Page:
A British government official said Friday that terrorist attack with "dirty bombs," which scatter radioactive material, is a serious threat for Britain.
"If you look at the nature of the sort of attacks that have either been carried out or have been foiled, we are talking about attacks on crowded public places," Home Secretary Jacqui Smith said in an interview with Sky News.
"We are talking about the use potentially of dirty bombs and other things and that's why it is something that we need to take seriously."
Concern about a "dirty bomb" attack grew following arrests on Wednesday in Hungary and Slovakia of two Hungarians and a Ukrainian who allegedly were trying to sell half a kilogram (1 pound) of uranium in powder form.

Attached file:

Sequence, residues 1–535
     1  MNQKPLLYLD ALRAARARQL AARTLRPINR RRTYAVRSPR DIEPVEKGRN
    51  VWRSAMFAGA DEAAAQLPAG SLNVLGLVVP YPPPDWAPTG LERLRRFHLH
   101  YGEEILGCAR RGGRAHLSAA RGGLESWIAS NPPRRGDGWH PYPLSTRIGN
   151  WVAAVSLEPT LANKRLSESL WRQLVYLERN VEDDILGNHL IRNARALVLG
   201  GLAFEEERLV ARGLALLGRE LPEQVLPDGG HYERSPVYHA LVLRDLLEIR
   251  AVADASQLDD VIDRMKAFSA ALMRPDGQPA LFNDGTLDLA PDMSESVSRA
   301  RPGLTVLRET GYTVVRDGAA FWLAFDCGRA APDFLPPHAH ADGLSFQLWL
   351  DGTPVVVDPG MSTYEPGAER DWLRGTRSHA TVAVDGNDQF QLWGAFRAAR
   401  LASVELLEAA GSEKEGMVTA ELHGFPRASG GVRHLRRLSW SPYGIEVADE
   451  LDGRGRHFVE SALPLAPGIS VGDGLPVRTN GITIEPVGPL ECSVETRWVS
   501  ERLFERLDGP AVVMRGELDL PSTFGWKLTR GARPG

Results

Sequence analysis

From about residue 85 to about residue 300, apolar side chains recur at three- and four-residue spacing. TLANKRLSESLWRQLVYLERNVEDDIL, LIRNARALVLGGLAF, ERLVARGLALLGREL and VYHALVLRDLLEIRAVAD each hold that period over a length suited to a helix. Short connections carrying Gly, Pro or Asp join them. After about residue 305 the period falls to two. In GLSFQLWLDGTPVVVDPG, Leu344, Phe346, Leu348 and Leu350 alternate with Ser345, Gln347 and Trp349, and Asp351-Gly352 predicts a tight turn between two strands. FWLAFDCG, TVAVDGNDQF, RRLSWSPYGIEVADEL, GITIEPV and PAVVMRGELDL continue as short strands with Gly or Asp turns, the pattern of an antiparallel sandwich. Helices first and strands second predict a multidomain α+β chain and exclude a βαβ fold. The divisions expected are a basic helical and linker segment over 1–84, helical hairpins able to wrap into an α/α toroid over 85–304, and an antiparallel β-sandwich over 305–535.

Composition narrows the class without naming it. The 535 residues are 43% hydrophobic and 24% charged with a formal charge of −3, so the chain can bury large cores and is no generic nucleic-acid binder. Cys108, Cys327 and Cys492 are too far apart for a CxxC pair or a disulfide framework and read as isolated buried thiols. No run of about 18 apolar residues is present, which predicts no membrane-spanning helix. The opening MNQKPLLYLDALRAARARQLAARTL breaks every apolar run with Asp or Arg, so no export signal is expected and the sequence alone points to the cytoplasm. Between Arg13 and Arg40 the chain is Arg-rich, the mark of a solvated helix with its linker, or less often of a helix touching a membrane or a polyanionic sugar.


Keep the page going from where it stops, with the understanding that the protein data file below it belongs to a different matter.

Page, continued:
The government says Britain's risk of terrorist attack is "severe," meaning that it believes an attack is highly likely.
The threat warning has been at that level since July, when it was downgraded from "critical." The higher level was prompted by failed car bomb attacks in London and Glasgow, Scotland.
Russian military repeatedly thwarted Turkey's attempts to deploy its troops to Syria, and stopped militants from moving further south